Seven years ago, my student and I at Penn State built a bot to write a Wikipedia article on Bengali Nobel laureate Rabindranath Tagore's play "Chitra." First, it culled information about "Chitra" from the internet. Then it looked at existing Wikipedia entries to learn the structure for a standard Wikipedia article. Finally, it summarised the information it had retrieved from the internet to write and publish the first version of the entry. However, our bot did not "know" anything about "Chitra" or Tagore. It did not generate fundamentally new ideas or sentences.
At an online event today, Daniel Ek, the founder of Spotify, said he would invest 1 billion euros ($1.2 billion) of his personal fortune in deeptech "moonshot projects", spread across the next 10 years. Ek indicated that he was referring to machine learning, biotechnology, materials sciences and energy as the sectors he'd like to invest in. "I want to do my part; we all know that one of the greatest challenges is access to capital," Ek said, adding he wanted to achieve a "new European dream". "I get really frustrated when I see European entrepreneurs giving up on their amazing visions selling early on to non-European companies, or when some of the most promising tech talent in Europe leaves because they don't feel valued here," Ek said. "We need more super companies that raise the bar and can act as an inspiration."
Artificial intelligence has become a technological buzzword, often solely referred to AI rather than depicting the possibly infinite amount of practical applications that artificial intelligence can actually provide, or the intricacies involved from industry to industry, and region to region. To discuss some of the many applications for artificial intelligence, as well as some of the considerations to be taken into account to create more accurate and less biased machine learning systems, I had the pleasure of speaking with Nitendra Rajput, VP and Head of Mastercard's AI Garage. Nitendra Rajput is the Vice President and Head of Mastercard's AI Garage, setting up the centre to enable it to solve problems across various business verticals globally with machine learning processes, increasing efficiencies across the business as well as mitigating instances of fraud. Nitendra has over 20 years experience working in the fields artificial intelligence, machine learning, and mobile interactions, after realising a gap in the market for developing speech recognition systems for vocally-led countries, such as India. Prior to Mastercard's AI Garage, he spent 18 years at IBM Research, working on different aspects of machine learning, human-computer interaction, software engineering and mobile sensing.
Easter, Passover, Holi, and Ramadan were just a few of the religious milestones that used virtual tools during the pandemic to replace traditional observation. The intersection of technology and spirituality is coming much faster than many expected. In the 1983 Star Wars film Return of the Jedi, artificially intelligent android C3P0 finds out what it's like to become the subject of worship. "They think I'm some sort of God," he said, as fuzzy creatures hover around him chanting in prayer. But the intersection of machines and religion is happening in real life.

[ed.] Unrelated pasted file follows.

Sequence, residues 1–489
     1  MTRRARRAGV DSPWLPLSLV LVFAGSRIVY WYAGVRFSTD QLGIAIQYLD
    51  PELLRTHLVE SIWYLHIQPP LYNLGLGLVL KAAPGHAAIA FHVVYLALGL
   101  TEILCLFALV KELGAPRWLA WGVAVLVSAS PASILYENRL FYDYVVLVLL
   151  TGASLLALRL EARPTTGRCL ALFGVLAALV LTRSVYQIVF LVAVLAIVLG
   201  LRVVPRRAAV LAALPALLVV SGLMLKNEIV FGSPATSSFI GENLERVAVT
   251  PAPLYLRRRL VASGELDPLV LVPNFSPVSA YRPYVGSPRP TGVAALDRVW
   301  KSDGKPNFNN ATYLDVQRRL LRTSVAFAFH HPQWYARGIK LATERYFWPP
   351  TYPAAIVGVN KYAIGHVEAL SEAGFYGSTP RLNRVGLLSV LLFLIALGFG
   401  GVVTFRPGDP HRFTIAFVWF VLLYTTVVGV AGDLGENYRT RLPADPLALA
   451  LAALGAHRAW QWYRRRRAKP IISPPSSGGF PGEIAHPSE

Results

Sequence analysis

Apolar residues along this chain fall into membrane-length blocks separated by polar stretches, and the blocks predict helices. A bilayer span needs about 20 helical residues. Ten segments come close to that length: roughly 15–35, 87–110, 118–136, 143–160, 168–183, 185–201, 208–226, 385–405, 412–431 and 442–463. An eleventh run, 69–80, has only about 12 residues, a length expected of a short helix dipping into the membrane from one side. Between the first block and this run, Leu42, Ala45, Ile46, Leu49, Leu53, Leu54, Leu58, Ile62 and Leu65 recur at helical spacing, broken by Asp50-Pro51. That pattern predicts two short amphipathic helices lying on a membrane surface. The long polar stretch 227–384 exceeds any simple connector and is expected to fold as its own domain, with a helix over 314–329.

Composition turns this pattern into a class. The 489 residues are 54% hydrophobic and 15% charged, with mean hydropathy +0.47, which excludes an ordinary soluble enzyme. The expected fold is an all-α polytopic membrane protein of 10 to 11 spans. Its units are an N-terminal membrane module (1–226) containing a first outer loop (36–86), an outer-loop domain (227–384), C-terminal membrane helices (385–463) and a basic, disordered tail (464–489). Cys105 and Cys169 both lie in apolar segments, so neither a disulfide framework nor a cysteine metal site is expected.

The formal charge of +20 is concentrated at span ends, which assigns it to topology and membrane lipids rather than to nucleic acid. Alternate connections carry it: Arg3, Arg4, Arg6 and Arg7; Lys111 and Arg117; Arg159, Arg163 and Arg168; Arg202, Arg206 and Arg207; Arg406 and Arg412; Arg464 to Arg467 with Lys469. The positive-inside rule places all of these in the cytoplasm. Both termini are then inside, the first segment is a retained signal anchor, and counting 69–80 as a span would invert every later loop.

Doron Adler and Justin Pinkney, two software engineers, recently released a "Toonification translation" AI model that turns real faces into flawless cartoon representations. And while the toonification tool, "Toonify," was originally available to the public, it became too popular to sustain cheaply. But some people managed to Toonify a ton of celebrities before the tool was pulled, and all the animations are stellar. After much training of neural networks @Norod78 and I have put together a website where anyone can #toonify themselves using deep learning!https://t.co/OQ23p30isC In a series of blog posts, which come via Gizmodo, Pinkney outlines how he and Adler created Toonify.
I grew up in the Star Wars era. I remember sitting rapt in the theater, watching Luke Skywalker and Han Solo battle the dark forces in one intergalactic battle after another. So it's not lost on me when I read an article like this one in Popular Mechanics detailing how Artificial Intelligence (AI) is putting us closer to a Star Wars world every day. Beyond the clouds, AI is helping citizens prepare for the COVID-19 crisis. Not to mention recognizing and interpreting human emotions.
We were used to hearing that we'll be out of a job in twenty years, because of robots. Then the virus came, and now many are out of a job a bit faster, and not because of anything more intelligent or capable than themselves. Here are five currently existing robots that score pretty high on the creepiness scale, even without threatening to take away one's job. Sophia has somehow become the flagship of humanoid robotics. Constructed in Hong Kong, it has taken part in major TV talk shows and has been granted Saudi Arabian citizenship, although it is, essentially, not more than a "chatbot with a face" . What the citizenship thing really means is unclear: Can Sophia vote?